My favorite story in the book comes from my days at WFAN where I found myself working extra hard at the station’s radiothon for the CJ Foundation for SIDS–a wonderful charity founded by the then-station’s GM, Joel Hollander. Looking back on that experience led me to consider ministry more deeply. Read the whole story and then ask yourself where God might be calling you in your work.

Thanks for all the support with this effort. I got a nice note from Fr. Dave Dwyer inviting me to be on his show on Sirius-XM, so we’ll let you know when that happens.

Speaking of invitations, I am available for individual spiritual direction and retreats based on the book as well. Simply email me.

Enjoying the Right to Be Free and Work

On this Labor Day, my friend Paula Kampf reminded me of the rights of workers to be free. And that kind of reminded us of this song:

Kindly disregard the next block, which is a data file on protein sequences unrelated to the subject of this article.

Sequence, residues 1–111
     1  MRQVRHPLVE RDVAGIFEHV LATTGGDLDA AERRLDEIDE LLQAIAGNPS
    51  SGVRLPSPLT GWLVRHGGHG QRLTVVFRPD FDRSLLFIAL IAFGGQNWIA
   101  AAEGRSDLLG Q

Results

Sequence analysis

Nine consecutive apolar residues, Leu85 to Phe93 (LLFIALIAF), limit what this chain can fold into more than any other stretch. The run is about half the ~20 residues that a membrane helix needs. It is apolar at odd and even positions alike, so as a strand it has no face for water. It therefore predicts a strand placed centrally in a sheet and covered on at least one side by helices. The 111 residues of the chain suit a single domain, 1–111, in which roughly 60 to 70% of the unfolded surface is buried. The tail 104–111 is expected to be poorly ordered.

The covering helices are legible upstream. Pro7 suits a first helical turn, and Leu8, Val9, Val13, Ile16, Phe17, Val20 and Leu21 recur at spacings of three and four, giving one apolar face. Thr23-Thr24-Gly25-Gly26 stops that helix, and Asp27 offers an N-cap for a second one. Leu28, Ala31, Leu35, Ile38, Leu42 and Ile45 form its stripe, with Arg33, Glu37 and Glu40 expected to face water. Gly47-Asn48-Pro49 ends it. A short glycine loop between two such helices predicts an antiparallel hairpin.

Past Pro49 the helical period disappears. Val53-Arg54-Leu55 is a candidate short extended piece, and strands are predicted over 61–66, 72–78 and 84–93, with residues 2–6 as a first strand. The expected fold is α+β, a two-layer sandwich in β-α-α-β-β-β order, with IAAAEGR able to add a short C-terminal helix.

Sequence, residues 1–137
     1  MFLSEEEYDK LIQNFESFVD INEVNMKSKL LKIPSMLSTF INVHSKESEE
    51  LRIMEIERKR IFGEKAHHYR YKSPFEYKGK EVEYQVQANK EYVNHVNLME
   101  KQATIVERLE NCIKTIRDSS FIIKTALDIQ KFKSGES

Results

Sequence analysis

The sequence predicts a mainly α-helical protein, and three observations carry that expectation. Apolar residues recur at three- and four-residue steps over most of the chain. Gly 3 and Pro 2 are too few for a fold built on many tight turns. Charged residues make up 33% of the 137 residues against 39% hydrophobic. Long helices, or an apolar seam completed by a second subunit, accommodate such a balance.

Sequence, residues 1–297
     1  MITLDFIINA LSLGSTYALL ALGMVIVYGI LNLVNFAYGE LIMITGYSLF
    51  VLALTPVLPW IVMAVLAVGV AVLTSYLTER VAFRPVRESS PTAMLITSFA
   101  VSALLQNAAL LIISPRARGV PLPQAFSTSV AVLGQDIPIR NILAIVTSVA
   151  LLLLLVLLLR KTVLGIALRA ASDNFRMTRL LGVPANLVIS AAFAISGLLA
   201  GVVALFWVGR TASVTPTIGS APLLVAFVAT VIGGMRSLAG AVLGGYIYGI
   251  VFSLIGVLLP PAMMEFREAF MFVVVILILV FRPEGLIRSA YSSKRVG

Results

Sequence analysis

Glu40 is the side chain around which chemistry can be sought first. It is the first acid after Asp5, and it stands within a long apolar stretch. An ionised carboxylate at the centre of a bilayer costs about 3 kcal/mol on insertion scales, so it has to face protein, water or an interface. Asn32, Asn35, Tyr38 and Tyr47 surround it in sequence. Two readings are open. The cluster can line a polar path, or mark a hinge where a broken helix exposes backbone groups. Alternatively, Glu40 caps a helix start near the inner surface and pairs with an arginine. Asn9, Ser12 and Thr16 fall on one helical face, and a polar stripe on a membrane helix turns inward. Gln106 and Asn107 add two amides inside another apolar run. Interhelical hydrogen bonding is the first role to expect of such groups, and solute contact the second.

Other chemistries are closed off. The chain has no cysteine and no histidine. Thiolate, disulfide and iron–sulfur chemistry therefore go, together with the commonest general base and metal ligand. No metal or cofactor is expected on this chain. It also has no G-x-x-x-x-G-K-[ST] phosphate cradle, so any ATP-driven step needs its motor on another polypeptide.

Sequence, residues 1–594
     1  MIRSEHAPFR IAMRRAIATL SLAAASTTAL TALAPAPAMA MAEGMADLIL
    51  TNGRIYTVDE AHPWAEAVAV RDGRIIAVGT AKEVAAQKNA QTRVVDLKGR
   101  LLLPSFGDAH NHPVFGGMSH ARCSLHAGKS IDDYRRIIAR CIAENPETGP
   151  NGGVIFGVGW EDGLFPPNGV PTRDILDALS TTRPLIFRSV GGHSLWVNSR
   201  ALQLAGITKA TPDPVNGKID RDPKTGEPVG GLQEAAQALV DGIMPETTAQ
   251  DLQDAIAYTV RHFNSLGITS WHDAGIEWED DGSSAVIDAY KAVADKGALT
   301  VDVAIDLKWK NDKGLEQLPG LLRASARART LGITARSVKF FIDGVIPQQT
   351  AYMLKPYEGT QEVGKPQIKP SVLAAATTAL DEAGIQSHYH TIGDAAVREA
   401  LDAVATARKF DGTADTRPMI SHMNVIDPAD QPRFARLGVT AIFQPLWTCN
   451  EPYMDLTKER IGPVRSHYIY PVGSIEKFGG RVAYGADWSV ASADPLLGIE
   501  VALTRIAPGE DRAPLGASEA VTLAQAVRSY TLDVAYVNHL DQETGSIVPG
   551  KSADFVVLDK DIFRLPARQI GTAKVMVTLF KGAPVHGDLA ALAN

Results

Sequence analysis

My book Loving Work has been published and released on this fine day when we celebrate work. It makes a great gift for all those who have worked hard to give you life, like my Dad (who the book is dedicated to along with my mother and my Jesuit Spiritual Directors), or those in your life who are seeking work and discovering who they’d most like to become.

Labor is always difficult. That’s why they call it work. However, it need not be draining. A job well done requires a bit of blood and sweat and tears. But that too, can bring joy and happiness at seeing a job well done.

So today, reflect on your work. Do you love what you do? Is it time for a change on the job? Might you discover something new about yourself and your vocation by just a brief reflection on it this fall. My book is just what you need to do that.

Pre-Order Loving Work…my Second Book